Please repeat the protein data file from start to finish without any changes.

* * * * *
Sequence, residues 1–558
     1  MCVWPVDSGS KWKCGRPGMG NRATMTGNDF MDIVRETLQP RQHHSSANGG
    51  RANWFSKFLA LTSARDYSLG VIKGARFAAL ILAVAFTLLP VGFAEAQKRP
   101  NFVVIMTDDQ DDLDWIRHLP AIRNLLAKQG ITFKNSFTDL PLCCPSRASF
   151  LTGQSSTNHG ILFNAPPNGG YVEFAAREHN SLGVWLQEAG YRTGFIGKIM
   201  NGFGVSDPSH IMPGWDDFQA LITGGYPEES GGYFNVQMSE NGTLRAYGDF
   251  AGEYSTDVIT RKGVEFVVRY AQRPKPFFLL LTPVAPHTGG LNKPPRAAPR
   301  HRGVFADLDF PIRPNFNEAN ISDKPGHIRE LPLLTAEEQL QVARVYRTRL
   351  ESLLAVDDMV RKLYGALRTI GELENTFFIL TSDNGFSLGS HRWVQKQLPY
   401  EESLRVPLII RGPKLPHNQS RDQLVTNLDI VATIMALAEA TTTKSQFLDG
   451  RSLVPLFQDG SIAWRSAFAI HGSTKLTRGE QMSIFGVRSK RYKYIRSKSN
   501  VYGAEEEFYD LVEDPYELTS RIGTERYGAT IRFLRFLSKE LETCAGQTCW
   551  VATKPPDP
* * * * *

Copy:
Sequence, residues 1–558
     1  MCVWPVDSGS KWKCGRPGMG NRATMTGNDF MDIVRETLQP RQHHSSANGG
    51  RANWFSKFLA LTSARDYSLG VIKGARFAAL ILAVAFTLLP VGFAEAQKRP
   101  NFVVIMTDDQ DDLDWIRHLP AIRNLLAKQG ITFKNSFTDL PLCCPSRASF
   151  LTGQSSTNHG ILFNAPPNGG YVEFAAREHN SLGVWLQEAG YRTGFIGKIM
   201  NGFGVSDPSH IMPGWDDFQA LITGGYPEES GGYFNVQMSE NGTLRAYGDF
   251  AGEYSTDVIT RKGVEFVVRY AQRPKPFFLL LTPVAPHTGG LNKPPRAAPR
   301  HRGVFADLDF PIRPNFNEAN ISDKPGHIRE LPLLTAEEQL QVARVYRTRL
   351  ESLLAVDDMV RKLYGALRTI GELENTFFIL TSDNGFSLGS HRWVQKQLPY
   401  EESLRVPLII RGPKLPHNQS RDQLVTNLDI VATIMALAEA TTTKSQFLDG
   451  RSLVPLFQDG SIAWRSAFAI HGSTKLTRGE QMSIFGVRSK RYKYIRSKSN
   501  VYGAEEEFYD LVEDPYELTS RIGTERYGAT IRFLRFLSKE LETCAGQTCW
   551  VATKPPDP